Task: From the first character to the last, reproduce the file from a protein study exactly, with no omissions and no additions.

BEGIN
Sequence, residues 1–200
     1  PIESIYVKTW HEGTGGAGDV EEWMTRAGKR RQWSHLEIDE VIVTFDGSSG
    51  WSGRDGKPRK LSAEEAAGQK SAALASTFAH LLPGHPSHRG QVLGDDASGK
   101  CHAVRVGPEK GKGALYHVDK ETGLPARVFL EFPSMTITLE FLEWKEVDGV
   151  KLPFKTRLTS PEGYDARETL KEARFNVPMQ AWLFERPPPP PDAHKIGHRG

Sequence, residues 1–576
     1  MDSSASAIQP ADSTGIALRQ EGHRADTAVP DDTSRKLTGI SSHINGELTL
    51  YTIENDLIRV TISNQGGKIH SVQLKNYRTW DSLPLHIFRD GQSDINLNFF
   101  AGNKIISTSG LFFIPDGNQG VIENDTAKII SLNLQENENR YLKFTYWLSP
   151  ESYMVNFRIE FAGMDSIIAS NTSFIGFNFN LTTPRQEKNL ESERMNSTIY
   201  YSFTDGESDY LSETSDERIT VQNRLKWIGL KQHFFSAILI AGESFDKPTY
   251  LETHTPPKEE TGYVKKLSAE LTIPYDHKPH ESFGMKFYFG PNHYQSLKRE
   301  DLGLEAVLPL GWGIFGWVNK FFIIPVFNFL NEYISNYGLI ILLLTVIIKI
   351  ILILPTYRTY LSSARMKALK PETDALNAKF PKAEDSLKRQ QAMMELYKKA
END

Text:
Sequence, residues 1–200
     1  PIESIYVKTW HEGTGGAGDV EEWMTRAGKR RQWSHLEIDE VIVTFDGSSG
    51  WSGRDGKPRK LSAEEAAGQK SAALASTFAH LLPGHPSHRG QVLGDDASGK
   101  CHAVRVGPEK GKGALYHVDK ETGLPARVFL EFPSMTITLE FLEWKEVDGV
   151  KLPFKTRLTS PEGYDARETL KEARFNVPMQ AWLFERPPPP PDAHKIGHRG

Sequence, residues 1–576
     1  MDSSASAIQP ADSTGIALRQ EGHRADTAVP DDTSRKLTGI SSHINGELTL
    51  YTIENDLIRV TISNQGGKIH SVQLKNYRTW DSLPLHIFRD GQSDINLNFF
   101  AGNKIISTSG LFFIPDGNQG VIENDTAKII SLNLQENENR YLKFTYWLSP
   151  ESYMVNFRIE FAGMDSIIAS NTSFIGFNFN LTTPRQEKNL ESERMNSTIY
   201  YSFTDGESDY LSETSDERIT VQNRLKWIGL KQHFFSAILI AGESFDKPTY
   251  LETHTPPKEE TGYVKKLSAE LTIPYDHKPH ESFGMKFYFG PNHYQSLKRE
   301  DLGLEAVLPL GWGIFGWVNK FFIIPVFNFL NEYISNYGLI ILLLTVIIKI
   351  ILILPTYRTY LSSARMKALK PETDALNAKF PKAEDSLKRQ QAMMELYKKA